Online Sports Betting in New York Needs Tougher Advertising Regulations


Just over a month ago, New York State officially launched online sports betting, making it more than the 20th state to do so since the U.S. Supreme Court’s ruling in 2018 in Murphy vs. NCAA. Since then, sports betting operators have launched a marketing blitz in New York encompassing most forms of mainstream and online media. Yet beyond a few general rules for disclosing a problem gambling hotline, the New York State Gaming Commission has done very little to regulate advertising and promotion in this space.

While online sports betting may be here to stay, the New York State Gaming Commission’s half-hearted efforts to regulate sports betting advertising need to change in at least four relevant ways.

First, the New York State Gaming Commission needs stricter rules to limit the hours that sports betting companies advertise on television to reduce inadvertent targeting of minors. Currently, Federal Trade Commission regulations state that liquor companies should limit their advertising to shows where 70% or more of viewers are over the age of 21. Perhaps an even stricter rule would make sense when it comes to the new and emerging world of sports betting.

Second, the New York State Gaming Commission should prohibit professional sports leagues from prominently displaying sports betting advertisements on the main landing page of their website, a place regularly visited by young fans. Currently, a visit to the website highlights sports betting advertisements from at least one particular gambling provider. Regardless of whether these banner ads are specifically sold to sports betting companies or appear naturally via an algorithm, the symbolic nature of a sports betting company being the #1 promoter of a sports league is somewhat troubling, if not downright inappropriate.

Third, while the New York State Gaming Commission rightly requires sports betting operators to include gambling addiction support information on their Twitter pages and in online advertising, the regulations do not is not broad enough in terms of who was required to include such language. For example, while sports betting companies appear to be following this requirement exactly as intended, Action Network – a company that has purchased a barrage of sponsored ads on Twitter to promote various online gambling operators in New York – does not appear to include a gambling addiction. hotline in his promoted Twitter posts. Similarly, Darren Rovell, who was hired by Action Network at least in part based on his incredible 2 million Twitter followers, regularly touts sports betting on his Twitter account without any warnings about gambling addiction. .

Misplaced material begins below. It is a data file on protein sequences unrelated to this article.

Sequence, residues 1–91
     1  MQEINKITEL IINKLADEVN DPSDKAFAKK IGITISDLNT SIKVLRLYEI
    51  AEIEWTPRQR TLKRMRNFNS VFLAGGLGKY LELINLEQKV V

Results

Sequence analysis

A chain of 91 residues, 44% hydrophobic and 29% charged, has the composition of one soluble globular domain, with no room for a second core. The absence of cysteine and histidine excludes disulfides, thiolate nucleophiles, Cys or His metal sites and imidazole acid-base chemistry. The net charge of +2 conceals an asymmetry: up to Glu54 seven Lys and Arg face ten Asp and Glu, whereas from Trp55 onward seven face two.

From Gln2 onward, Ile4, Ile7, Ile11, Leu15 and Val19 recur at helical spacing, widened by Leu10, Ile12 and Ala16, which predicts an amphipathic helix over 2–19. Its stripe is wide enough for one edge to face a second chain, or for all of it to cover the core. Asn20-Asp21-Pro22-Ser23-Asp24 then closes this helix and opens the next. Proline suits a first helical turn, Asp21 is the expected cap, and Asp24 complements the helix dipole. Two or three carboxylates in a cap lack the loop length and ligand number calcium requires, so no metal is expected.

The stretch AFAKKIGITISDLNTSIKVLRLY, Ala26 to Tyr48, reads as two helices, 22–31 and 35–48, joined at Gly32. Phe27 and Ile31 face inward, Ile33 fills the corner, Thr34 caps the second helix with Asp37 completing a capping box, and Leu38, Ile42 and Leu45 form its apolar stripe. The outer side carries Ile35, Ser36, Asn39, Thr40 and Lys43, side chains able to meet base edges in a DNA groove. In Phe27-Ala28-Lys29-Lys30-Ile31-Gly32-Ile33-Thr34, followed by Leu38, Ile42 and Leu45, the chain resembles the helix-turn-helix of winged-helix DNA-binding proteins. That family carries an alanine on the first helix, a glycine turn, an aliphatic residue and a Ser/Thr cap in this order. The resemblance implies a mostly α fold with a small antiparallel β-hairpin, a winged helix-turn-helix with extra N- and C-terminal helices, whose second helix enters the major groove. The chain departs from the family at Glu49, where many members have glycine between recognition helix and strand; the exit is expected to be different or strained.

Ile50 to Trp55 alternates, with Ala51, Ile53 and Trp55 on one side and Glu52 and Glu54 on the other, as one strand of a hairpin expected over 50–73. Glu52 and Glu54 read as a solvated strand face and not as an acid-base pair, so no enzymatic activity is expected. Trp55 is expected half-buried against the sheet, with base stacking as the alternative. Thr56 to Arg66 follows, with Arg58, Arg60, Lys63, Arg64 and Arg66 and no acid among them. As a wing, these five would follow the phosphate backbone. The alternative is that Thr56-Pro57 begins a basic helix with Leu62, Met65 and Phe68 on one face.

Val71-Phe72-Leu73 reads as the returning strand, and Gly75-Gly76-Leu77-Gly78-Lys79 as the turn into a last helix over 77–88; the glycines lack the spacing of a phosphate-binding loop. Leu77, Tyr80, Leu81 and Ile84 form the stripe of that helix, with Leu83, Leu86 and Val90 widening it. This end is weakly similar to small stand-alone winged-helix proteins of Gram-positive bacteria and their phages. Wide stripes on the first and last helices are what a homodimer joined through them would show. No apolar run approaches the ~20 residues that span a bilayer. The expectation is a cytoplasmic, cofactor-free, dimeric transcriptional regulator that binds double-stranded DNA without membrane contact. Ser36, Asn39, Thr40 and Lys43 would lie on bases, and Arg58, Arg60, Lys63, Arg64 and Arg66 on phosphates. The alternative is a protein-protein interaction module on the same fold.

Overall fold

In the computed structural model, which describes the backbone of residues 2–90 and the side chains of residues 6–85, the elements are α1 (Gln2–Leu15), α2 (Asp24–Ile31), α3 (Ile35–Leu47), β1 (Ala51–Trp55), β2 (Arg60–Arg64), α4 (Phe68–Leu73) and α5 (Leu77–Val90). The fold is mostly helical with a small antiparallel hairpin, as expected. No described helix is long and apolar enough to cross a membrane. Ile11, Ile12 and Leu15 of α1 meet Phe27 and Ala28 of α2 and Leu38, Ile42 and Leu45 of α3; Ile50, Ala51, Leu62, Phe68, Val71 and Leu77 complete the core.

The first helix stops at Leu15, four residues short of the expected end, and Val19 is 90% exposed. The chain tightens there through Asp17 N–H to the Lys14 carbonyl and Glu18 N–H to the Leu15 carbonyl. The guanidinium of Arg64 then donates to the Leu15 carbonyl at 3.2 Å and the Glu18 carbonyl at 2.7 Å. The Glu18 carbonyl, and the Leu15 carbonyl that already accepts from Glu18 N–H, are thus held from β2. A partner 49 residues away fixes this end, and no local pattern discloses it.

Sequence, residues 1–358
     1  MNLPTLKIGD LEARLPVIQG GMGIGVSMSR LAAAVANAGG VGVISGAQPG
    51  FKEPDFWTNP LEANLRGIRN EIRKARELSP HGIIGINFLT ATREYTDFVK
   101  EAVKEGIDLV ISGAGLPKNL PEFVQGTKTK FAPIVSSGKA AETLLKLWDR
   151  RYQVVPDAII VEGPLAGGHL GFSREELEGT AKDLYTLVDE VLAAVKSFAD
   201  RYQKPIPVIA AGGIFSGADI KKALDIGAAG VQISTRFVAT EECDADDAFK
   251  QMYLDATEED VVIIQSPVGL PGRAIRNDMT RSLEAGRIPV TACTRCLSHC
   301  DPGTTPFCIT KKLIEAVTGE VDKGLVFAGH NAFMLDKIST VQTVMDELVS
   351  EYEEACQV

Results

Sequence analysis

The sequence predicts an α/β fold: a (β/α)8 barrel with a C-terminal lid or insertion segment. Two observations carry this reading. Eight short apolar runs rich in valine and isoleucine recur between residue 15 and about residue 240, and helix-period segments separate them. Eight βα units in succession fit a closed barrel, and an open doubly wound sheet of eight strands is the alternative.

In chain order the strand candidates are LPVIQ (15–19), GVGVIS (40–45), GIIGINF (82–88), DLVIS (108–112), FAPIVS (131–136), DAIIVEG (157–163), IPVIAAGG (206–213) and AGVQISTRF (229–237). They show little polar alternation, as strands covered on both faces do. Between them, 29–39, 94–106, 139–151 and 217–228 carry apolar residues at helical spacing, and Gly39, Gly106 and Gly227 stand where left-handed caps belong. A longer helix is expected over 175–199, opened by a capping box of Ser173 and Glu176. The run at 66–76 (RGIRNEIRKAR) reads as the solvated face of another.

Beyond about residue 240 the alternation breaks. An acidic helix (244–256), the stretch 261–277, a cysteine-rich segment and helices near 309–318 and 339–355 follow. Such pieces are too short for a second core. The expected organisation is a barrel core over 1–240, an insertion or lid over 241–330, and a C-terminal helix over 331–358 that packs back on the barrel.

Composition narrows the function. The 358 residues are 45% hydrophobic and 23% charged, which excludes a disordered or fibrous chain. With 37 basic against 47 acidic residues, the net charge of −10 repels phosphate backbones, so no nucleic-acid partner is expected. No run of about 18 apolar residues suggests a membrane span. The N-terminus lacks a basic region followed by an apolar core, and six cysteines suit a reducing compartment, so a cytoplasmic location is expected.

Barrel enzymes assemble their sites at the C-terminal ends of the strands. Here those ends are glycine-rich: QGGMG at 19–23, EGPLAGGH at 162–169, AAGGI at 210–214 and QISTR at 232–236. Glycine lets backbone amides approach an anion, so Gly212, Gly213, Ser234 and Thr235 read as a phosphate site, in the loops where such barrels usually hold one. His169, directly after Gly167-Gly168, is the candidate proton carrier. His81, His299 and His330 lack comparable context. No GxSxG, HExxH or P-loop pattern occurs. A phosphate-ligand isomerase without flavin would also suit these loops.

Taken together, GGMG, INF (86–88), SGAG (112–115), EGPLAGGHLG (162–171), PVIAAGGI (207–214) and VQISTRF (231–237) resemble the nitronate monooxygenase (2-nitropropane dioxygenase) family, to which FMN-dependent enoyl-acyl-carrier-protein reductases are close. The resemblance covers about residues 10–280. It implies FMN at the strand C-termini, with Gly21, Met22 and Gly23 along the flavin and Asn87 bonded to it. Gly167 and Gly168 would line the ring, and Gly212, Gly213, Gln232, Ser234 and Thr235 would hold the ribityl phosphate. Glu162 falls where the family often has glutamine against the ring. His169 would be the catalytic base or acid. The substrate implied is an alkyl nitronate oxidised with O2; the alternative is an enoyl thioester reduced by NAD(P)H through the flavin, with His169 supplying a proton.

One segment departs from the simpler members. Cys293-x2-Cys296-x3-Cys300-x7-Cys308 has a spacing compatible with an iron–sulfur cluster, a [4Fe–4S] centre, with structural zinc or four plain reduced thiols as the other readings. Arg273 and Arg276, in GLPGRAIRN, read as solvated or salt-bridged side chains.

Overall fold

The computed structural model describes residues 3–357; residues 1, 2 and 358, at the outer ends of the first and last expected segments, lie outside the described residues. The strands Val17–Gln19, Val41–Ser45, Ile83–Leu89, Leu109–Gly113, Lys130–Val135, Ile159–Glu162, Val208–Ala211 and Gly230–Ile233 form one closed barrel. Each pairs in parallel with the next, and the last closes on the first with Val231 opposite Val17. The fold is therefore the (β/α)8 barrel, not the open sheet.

Finally, given the increasing incorporation of a sports betting theme into many televised game shows, the New York State Gaming Commission should require that for any telecast of a sporting event that includes more of one de minimis amount of sports betting content, the underlying team or league must ensure that a secondary live broadcast is made available, at no additional cost, which does not include any gambling talk. With the advent of over-the-top streaming options, it should be reasonable to ask fans to provide an alternative, family-friendly live stream. It might even help some sports teams and leagues grow their next-gen fan base.


Marc Edelman ([email protected]) is a professor of law at the Zicklin School of Business at Baruch College, director of sports ethics at the Robert Zicklin Center on Corporate Integrity, and founder of Edelman’s Law. He is the author of “A short treatise on the sports game” and “Regulation of sports betting.


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